Early learning leaders in states may feel a little like thoroughbreds in those agitated few minutes just before the starting gun blasts and the race gates fling open.
At stake: $500 million. The Obama Administration last week announced states could compete for grants to improve their early learning systems, from birth to age 5. And almost no one paid a whit of attention. Case in point: The New York Times story about the announcement focused on the $200 million that would go to runner-up states in the original K-12-centric Race to the Top competition, while the new $500 million Early Learning Challenge was down near the bottom, almost in the footnote department.
That just means we need to create our own fanfare to bring attention to this significant opportunity. Some states may even need a little help rattling their governors’ cages to compete for this.
We’re here to help. No, we don’t have any special inside information. But we do have tips, advice and a few tools to help state advocates prepare even before more precise details about the competition emerge later this summer. We’ll be sharing these tips with you in an ongoing “Advocate’s Checklist” that we’ll be sending out, posting on this website, tweeting, and linking to on our Facebook page. Got a great tip? Send them our way and we’ll share them.
Full disclosure: FFYF’s sole interest in this competition is to make sure it leads to permanent, high-quality systems in every state. We want as many strong state applications as possible, and we want an amazing cohort of winners who will lead the nation on how to build high quality, coherent, aligned early learning systems.
We may not know exactly how this competition will be designed, but we do know this: The Administration has stated it would be about “increasing access to quality early learning programs for low income and disadvantaged children, designing integrated and transparent systems that align their early care and education programs, bolstering training and support for the early learning workforce, creating robust evaluation systems to document and share effective practices and successful programs, and helping parents make informed decisions about care for their children.” Other education insiders are weighing in with their thoughts about the competition over at the National Journal’s experts’ blog.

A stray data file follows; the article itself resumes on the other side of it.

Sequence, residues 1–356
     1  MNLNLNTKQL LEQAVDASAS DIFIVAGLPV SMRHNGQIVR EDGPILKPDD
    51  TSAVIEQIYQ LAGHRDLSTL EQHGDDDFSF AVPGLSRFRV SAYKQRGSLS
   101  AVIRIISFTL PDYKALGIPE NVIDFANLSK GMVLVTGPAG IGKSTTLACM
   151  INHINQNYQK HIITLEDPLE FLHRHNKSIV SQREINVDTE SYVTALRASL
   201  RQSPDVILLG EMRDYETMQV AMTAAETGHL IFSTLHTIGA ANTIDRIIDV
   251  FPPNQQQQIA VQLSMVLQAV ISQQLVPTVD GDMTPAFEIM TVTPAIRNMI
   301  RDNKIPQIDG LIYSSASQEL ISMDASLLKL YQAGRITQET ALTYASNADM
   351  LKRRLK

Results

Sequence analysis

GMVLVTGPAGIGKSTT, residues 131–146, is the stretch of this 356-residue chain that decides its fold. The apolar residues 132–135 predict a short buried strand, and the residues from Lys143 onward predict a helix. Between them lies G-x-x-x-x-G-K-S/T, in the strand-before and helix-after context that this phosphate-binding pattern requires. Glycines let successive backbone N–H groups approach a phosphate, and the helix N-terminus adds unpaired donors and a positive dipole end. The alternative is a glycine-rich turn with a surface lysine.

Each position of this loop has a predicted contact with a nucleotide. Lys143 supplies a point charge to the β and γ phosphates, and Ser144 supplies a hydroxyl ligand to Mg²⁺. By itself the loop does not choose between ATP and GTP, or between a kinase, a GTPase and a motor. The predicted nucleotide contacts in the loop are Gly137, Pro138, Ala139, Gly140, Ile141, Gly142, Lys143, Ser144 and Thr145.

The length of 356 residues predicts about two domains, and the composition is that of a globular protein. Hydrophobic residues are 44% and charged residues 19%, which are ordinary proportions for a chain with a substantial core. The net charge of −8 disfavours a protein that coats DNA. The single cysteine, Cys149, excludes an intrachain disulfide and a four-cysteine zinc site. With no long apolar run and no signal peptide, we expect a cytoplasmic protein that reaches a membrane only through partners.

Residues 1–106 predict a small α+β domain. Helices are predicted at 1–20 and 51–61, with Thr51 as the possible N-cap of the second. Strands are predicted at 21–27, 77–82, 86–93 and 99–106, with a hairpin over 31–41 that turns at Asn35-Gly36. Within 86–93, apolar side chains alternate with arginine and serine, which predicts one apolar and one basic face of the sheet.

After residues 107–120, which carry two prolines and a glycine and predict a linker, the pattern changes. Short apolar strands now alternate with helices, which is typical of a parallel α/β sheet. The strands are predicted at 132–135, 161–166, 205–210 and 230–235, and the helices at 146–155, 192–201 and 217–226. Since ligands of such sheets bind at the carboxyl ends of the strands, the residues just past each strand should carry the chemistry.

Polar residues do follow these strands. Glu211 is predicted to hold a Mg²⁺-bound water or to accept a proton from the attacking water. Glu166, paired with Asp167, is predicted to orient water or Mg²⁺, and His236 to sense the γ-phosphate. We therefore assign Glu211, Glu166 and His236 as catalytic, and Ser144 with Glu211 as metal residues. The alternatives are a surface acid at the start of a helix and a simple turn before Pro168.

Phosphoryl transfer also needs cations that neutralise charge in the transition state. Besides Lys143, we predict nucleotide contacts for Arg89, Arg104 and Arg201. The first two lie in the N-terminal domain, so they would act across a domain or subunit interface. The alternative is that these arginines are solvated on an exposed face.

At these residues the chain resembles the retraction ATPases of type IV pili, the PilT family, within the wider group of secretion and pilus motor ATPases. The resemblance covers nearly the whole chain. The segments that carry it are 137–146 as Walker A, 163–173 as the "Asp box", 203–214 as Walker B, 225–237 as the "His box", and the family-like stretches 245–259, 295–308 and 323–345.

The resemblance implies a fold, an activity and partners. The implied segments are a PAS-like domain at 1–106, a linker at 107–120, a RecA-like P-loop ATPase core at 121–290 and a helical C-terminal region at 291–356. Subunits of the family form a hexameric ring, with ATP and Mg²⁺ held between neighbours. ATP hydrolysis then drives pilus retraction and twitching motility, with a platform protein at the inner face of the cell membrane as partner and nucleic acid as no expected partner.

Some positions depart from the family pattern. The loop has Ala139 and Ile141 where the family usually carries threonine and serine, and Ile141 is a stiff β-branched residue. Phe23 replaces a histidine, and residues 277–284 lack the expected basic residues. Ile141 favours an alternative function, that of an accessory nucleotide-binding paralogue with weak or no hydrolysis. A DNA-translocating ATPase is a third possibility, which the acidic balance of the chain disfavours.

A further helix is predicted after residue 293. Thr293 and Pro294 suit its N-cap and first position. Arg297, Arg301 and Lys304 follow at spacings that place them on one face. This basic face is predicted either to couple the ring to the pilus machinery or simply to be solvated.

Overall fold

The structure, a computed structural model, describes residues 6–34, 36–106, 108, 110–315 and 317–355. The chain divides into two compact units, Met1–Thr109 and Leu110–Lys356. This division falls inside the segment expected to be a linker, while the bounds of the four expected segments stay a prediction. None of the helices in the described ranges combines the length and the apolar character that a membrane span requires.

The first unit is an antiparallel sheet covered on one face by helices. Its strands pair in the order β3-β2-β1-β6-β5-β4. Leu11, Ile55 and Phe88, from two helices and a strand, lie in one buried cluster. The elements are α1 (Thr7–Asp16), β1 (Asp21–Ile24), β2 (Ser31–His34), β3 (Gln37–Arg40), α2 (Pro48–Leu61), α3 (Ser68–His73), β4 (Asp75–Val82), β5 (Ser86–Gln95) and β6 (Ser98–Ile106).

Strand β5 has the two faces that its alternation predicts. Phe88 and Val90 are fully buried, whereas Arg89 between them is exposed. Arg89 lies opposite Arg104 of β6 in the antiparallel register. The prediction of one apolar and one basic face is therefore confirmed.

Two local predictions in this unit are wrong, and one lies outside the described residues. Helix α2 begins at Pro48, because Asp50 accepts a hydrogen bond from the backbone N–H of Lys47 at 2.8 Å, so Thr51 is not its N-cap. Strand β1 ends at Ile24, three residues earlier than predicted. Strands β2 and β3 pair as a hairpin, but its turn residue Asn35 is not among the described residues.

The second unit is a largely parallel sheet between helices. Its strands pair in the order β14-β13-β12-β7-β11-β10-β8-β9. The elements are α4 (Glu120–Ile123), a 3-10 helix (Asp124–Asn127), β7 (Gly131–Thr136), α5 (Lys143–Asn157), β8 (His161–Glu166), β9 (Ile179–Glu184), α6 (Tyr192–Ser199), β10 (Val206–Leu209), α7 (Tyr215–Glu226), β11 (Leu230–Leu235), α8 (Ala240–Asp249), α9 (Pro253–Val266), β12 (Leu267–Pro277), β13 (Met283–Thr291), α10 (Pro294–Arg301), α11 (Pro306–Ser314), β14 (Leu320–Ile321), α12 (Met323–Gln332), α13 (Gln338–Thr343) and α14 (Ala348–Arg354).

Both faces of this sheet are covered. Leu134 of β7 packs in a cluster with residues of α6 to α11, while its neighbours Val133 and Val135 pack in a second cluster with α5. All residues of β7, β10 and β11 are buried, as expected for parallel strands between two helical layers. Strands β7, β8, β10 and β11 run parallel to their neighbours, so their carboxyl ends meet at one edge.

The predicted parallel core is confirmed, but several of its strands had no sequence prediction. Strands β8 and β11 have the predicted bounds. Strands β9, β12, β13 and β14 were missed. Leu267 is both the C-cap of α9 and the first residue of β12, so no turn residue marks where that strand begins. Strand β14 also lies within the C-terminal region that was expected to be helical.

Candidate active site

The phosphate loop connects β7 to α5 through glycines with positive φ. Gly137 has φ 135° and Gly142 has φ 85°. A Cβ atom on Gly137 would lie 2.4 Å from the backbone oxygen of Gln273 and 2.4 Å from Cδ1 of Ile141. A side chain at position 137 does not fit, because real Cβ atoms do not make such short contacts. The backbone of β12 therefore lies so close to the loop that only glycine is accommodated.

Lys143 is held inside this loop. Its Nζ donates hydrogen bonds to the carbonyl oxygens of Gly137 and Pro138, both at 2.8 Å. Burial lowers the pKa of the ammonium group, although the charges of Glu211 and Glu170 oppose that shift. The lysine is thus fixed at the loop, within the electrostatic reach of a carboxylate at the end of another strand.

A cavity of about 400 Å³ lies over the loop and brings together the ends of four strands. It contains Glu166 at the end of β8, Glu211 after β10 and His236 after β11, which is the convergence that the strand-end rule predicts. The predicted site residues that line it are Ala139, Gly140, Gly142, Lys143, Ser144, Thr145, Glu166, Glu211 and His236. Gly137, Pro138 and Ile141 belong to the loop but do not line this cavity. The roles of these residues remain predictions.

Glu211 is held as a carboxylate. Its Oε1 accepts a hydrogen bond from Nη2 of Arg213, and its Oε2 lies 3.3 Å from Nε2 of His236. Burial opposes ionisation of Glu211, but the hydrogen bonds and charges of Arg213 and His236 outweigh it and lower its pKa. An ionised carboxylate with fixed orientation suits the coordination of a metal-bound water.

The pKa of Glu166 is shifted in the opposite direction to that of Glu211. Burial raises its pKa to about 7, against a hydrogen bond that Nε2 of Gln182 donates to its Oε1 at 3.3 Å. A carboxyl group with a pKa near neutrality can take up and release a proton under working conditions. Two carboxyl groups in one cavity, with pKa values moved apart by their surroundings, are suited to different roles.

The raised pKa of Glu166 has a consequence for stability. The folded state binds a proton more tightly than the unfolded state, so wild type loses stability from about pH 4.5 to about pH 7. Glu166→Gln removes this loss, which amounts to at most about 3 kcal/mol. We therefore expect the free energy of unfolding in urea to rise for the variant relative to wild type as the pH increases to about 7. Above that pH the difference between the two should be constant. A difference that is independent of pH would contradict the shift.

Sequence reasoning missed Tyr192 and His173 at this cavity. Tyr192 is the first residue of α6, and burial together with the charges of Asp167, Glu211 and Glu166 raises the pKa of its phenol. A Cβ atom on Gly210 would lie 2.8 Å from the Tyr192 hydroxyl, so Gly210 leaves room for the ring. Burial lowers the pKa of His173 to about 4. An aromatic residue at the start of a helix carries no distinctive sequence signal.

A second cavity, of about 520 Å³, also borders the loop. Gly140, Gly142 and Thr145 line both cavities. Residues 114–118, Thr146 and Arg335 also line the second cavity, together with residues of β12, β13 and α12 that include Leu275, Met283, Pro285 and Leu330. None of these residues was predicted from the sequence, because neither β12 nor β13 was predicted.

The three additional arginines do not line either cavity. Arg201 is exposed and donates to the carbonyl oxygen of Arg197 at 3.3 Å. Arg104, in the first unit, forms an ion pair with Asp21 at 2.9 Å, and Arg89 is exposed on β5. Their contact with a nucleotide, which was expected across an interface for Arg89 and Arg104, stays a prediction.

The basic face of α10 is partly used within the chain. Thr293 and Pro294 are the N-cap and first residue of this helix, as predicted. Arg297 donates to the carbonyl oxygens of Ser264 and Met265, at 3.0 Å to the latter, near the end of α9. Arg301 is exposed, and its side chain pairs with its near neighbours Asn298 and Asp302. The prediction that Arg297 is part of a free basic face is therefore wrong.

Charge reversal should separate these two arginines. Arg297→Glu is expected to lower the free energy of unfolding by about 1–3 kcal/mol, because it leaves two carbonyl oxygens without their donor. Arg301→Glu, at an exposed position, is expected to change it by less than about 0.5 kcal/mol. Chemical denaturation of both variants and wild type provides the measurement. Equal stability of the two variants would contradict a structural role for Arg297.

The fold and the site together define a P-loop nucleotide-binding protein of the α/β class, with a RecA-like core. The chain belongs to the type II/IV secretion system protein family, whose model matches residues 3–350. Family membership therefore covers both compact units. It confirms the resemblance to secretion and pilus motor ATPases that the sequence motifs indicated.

When the application is released later this summer, there will likely be less than three months, and possibly more like two, to apply. So what could you be doing in preparation this summer?
- Start talking to folks in your governor’s office to gin up enthusiasm to apply for the Early Learning Challenge. Send a letter to the editor to your local newspaper urging your state to participate.
- Make sure this is Topic #1 at your next state Early Learning Council meeting, or whatever other organizing body your state will use to apply.
- Start inviting key officials on site visits. Make sure you reach out to those outside the early learning field.
- Help push your state to start considering who should be on its core grant writing team.
- Help push your state to start identifying an actual grant writer.
- Start lining up local or regional funders to support your application.
And if that’s not enough to do this summer, we have good news for you! Consider yet two more major federal grant opportunities to keep you tethered to your office computer, announced just last week:
Investing in Innovation (i3): The U.S. Department of Education invited a second round of applications for this $150 million competition. Applications are due Aug. 2, and awards will be made no later than Dec. 31.
Home Visiting: HHS announced a new competition for $99 million for the Maternal, Infant, and Early Childhood Home Visiting Program (MIECHV). This competitive program is in addition to the $150 million that will be awarded by formula later this year, and applications are due July 1, 2011.
Best and good luck to all,